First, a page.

The musicians were from Jajouka, deep in the inhospitable Ahl-Srif mountains of the western Sahara. Seven nights a week, six of them would perform at 1001 Nights before a motley audience of diplomats and expatriates, prostitutes and bohemians. The restaurant would be packed with curious foreigners, shoes scuffing the zellij and leaning against walls decorated with woven tapestries featuring intricate ogee designs, lattice-worked brass lanterns illuminating Arabesque stencils on the ceiling. Sisters and mothers of the men worked as servers and in the kitchen, where the head chef was a Jajouka local, Mohamed Hamri. Only 21, Hamri would go on to become a folklorist who recorded the legends of the musicians; he had introduced a friend of the owner to their music three years before. Hamri first met the American composer and writer Paul Bowles in a Tangiers train station; the latter in turn introduced the young Moroccan to the Anglo-American avant-garde writer Brion Gysin, who owned and managed the 1001 Nights. At a beachfront festival in 1950, the two Westerners would first listen to the droning trance music, with Gysin recalling that he had thought “I just want to hear that music for the rest of my life. I want to hear it every day.” Of the three men who would first introduce the Master Musicians of Jajouka (as they’d come to be marketed) to a Western audience—Bowles, Gysin, and Burroughs—the least interesting person is the last, and William S. Burroughs was fascinating.

Bowles had come for the same sorts of reasons many libertines had—Morocco afforded him more freedom than was countenanced by his conservative family. Half a century was spent in Tangiers, which Bowles first visited in 1931 with his lover, the composer of Appalachian Spring, Aaron Copland. Cosmopolitan, elegant, charming, and handsome, Bowles had an impressive roster of friends, including Orson Welles, Salvador Dali, Truman Capote, Gore Vidal, Leonard Bernstein, Arthur Koestler, Tennessee Williams, Allen Ginsberg, and Gregory Corso. Christopher Isherwood was supposedly so taken with Bowles that he borrowed the name for the female protagonist of The Berlin Stories, immortalized by Liza Minelli in the musical adaptation Cabaret. During his time in Morocco, Bowles equally mastered musical composition and writing. Authoring dozens of scores for his own plays, he also wrote novels such as his dark Tangiers nocturne Let It Come Down, with its axiom that “We’re all monsters… It’s the age of monsters.” Critics have noted that Bowles’s music was light and his writing was dark, perhaps detecting the union of the Apollonian and the Dionysian borrowed from Jajouka.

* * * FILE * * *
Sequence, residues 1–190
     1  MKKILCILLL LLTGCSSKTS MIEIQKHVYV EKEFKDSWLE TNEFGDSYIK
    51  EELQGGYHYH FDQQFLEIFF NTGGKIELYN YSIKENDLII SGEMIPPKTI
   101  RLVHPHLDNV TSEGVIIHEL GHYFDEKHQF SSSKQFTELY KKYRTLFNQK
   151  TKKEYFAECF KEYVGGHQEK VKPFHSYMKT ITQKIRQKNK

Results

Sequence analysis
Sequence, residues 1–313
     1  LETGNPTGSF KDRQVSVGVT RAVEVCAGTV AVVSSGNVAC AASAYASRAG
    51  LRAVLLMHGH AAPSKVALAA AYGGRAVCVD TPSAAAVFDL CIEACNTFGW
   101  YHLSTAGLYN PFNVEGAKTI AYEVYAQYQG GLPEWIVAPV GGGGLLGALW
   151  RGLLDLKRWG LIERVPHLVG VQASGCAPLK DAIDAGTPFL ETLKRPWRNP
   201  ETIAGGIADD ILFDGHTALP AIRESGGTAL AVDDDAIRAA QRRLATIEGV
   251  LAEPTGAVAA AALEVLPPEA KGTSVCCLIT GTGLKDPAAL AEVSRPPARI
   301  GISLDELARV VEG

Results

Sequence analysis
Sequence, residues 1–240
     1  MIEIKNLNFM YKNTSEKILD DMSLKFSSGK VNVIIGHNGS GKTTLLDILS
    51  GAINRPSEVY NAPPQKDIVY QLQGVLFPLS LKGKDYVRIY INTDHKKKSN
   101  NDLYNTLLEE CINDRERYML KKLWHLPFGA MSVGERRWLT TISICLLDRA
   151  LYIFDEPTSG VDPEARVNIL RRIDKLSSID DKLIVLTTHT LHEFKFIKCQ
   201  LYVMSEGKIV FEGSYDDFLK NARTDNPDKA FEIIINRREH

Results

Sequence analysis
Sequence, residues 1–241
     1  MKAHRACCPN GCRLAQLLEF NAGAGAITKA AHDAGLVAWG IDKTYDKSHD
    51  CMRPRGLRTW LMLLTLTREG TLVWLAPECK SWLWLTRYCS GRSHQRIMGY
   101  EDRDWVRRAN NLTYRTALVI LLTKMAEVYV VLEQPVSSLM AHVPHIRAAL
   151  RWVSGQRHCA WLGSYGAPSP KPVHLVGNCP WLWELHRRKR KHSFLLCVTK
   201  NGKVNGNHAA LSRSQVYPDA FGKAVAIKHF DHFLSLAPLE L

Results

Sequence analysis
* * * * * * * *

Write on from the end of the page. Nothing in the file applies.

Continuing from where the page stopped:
The English-born Gysin’s mind vibrated at the same frequency as his American friend, and he was even more promiscuous, a brilliant dilettante, an experimental poet and novelist, performance artist, calligrapher, psychedelic theorist, and inventor, who wanted to push literature to the same extremes as modern art. His biographer John Geiger describes him in Nothing Is True–Everything Is Permitted: The Life of Brian Gysin as the “most influential cultural figure of the Twentieth Century that most people have never heard of.” Many influential people knew of Gysin, however, as he befriended Jean Genet, Francis Bacon, Max Ernst, Patti Smith, Timothy Leary, Iggy Pop, and David Bowie. More than anyone, he’s associated with Burroughs, who first dismissed Gysin as a mere restauranteur catering to “uppity queens” (himself included), but after the Englishmen’s death in 1986, Burroughs admitted that his frequent collaborator was the only other writer whom he respected. The two expanded on the “cut-up” method of composition, a means of using selective randomization to pull inspired words from the ether. First practiced by Dadaist poets like Tristan Tzara, the original cut-up method involved taking an original composition, and cutting words and phrases out with scissors, and then rearranging them into new texts, letting unseen correspondences, similarities, congruencies guide your hand as if an oracle. Gysin and Burroughs developed a variation they called “fold-in,” where two separate pages of writing are folded in half, and then combined, so that the new composition is read across. Their collaborative 1977 novel The Third Mind was written this way, wherein the “first step in re-creation is to cut the old lines that hold you right where you are sitting now,” something also on display in Burroughs’s most famous book Naked Lunch, a work of “magic and taboos, curses and amulets.”